Adolescent rebellion is an unavoidable rite of passage. Mine focussed on defining myself differently from my mother. This was challenging: Mum was a compelling role model. Witty, understanding, she was a woman with many friends. And she was beautiful: who would not want to be this woman? I loved her dearly and liked her more. I picked my battles carefully, staking turf unclaimed. Tricky, as we shared so much: mystery novels, sports, Scrabble, dogs and family.
I, however, had one thing I was passionate about that my mother was not: cooking. I wanted to create cuisine: Mum viewed food as fuel. She was a disinterested cook, bored by chat of technique or recipes. She could return from a dinner party full of tales of the décor, the guests’ outfits, literary recommendations and perspectives on politics. Ask her what was served and she would pause, hand to elegant bosom: “Oh, it was delicious! Fish? Or perhaps chicken? Did I tell you about Elwy’s new series?”
I turned to Mum’s dearest pal for advanced cooking lessons. At ‘Auntie’ Lil’s side, I mastered everything from aspics to zabaglione, ultimately creating eight-course family feasts. Mum beamed encouragement: she was my head cheerleader, even if she did not know the plays.
She was, however, a talented knitter. She created patterns for intricate sweater-coats, amusing hats and truly gorgeous throws for all who knew her. She was innovative: at 80, she modeled for Kaffe Fassett. And I steadfastly – and, I know now, meanly — refused to learn to knit. I had my thing and she hers, and then we had our mutual interests. Side-by-side on a Sunday afternoon, the scent of braising lamb shanks wafting into the den, we would watch F1 racing, soccer and even rodeo. Mum contentedly counted stitches. She died at 90, sharp and elegant: a decade later, my hand still reaches for the phone to share something I’ve read.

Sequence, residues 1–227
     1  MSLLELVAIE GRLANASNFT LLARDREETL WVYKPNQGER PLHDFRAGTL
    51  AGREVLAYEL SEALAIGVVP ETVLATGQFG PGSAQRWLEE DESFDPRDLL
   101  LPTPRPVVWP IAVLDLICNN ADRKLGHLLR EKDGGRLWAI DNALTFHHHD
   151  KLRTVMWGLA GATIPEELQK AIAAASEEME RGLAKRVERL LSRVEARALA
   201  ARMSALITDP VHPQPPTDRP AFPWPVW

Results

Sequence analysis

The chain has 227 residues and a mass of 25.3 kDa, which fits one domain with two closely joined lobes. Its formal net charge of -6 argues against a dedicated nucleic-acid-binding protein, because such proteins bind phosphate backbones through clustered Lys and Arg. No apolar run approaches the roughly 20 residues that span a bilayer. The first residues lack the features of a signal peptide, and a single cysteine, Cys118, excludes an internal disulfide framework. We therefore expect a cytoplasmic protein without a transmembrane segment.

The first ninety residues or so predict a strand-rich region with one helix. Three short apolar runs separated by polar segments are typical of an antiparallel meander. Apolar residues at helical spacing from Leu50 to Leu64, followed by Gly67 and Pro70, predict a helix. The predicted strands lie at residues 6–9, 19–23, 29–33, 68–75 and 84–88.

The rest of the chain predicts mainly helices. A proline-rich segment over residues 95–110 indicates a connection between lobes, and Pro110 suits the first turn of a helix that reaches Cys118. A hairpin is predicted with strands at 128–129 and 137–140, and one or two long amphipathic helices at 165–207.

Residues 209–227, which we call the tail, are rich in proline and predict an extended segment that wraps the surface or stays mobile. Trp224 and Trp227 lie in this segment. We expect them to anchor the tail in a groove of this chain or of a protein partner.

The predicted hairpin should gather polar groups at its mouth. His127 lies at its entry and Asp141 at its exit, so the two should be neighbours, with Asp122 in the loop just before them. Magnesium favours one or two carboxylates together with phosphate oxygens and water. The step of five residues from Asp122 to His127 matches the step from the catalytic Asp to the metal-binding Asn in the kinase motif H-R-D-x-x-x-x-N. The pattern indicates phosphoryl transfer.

I have atoned for that failure to learn at her hands. I do embroidery; my friend Gail inducted me into the basics of yarn and needles. Last Christmas, I gave scarves in the hues of recipients’ favourite foods: blueberries, oatmeal cookies and Caesar Salad. In this Year of Buying Nothing, I pledged to recycle pastel wisps to honour the family baby boomlet. My first blanket was nearly complete when I arrived home to discover two sheepish terriers, a woolly volcano of pistachio and lemon fluff, and chewed knitting needles. It took hours to unwind the twisted yarn. But the plastic needles were unsalvageable. Because I couldn’t purchase new ones, I threw myself on the mercy of a neighbour. And after exploring the depths of an inherited knitting bag, she emerged with a pair of steel 4 1/2’s.
That evening, I settled in with a hockey game — my woolly project resurrected on my lap. And that’s when it happened: as my cool, metal needles clicked, I heard once again the song my mother’s needles made as she knitted. But I must have imagined the laugh.
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